Cheese pizza, garlic knots and Old Bay wings from Fuel Pizza. (Alex Baldinger/The Washington Post)

The thoroughly redesigned two-level venue is draped floor-to-ceiling in all manner of automobile regalia: metal signs that look salvaged from a shuttered Exxon on the Jersey Turnpike hang on the walls; spent drums of Castrol and Quaker State hang from the rafters; a vintage Sinclair Dino fuel pump is tucked into a corner; and the stairway leading to the upstairs dining area is lined with various auto filters and cylinders. The point made to diners seems (perhaps unintentionally) to be: We’re here to pump you full of oil!

And so it goes with the menu. Fuel’s pizza menu is geared toward full pies, up to and including the 19-inch “Super Large” size, though K Street crowds are more likely to go for one of eight pizza/wing/stromboli/salad combos. I opted for the No. 4: five buffalo wings and a slice of cheese pizza, with a 22-ounce soda, for $8.49. I splurged and added a trio of garlic knots for $1.49.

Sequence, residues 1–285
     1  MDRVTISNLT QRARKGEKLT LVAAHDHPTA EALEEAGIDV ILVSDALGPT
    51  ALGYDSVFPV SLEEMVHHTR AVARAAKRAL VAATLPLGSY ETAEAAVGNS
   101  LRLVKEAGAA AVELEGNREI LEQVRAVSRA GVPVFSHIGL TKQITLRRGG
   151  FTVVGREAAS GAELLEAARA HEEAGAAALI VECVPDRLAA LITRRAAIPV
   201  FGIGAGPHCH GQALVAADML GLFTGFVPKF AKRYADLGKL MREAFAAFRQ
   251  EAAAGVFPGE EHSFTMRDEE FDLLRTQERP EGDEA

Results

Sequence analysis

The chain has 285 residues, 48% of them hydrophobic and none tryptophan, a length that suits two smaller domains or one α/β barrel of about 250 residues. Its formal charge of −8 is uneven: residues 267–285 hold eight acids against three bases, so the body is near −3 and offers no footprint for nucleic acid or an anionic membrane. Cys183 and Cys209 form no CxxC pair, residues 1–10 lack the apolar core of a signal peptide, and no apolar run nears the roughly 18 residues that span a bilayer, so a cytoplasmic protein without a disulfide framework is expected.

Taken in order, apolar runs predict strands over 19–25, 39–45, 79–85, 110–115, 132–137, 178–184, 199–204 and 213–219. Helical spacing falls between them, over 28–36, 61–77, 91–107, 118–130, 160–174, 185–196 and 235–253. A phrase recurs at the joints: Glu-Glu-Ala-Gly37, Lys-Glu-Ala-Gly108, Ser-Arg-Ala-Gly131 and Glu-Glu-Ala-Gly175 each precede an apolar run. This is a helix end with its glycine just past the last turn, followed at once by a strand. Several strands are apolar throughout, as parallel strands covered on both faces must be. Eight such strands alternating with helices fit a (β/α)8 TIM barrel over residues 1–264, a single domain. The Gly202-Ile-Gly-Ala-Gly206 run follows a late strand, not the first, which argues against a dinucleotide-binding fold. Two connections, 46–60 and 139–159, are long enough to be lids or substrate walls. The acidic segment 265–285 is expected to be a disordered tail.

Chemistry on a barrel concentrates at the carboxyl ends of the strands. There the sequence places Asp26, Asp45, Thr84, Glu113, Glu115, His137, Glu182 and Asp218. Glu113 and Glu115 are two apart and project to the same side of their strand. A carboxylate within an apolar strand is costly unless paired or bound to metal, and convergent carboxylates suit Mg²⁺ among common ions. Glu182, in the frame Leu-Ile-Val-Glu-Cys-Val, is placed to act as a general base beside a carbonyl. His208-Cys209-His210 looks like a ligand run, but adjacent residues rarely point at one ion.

The pizza itself was agreeable, though unspectacular to anyone that has become accustomed to the wood-fired artisanal pies being tossed at just about every D.C. pizzeria this side of Naples. Think Pizza Autentica, but with a crust that tastes like actual pizza dough, not fiberboard (multi-grain and gluten-free crusts are also available).

The wings, I was happy to learn, are tossed to order. Among the flavor options: Three types of barbecue, salt and pepper, lemon pepper, Asian chili and Old Bay, which is what I opted for. Unfortunately, the seasoning was almost undetectable on the smallish drumsticks and wings, and while the exteriors were pleasantly crisp and offered a nice snap, I was alarmed by the pool of residue left at the bottom of the paper tray that looked suspiciously like ... motor oil.

The K Street location will remain open until 3 a.m. on weekends, and a second location is soon to open at Sixth and F streets NW in Penn Quarter.

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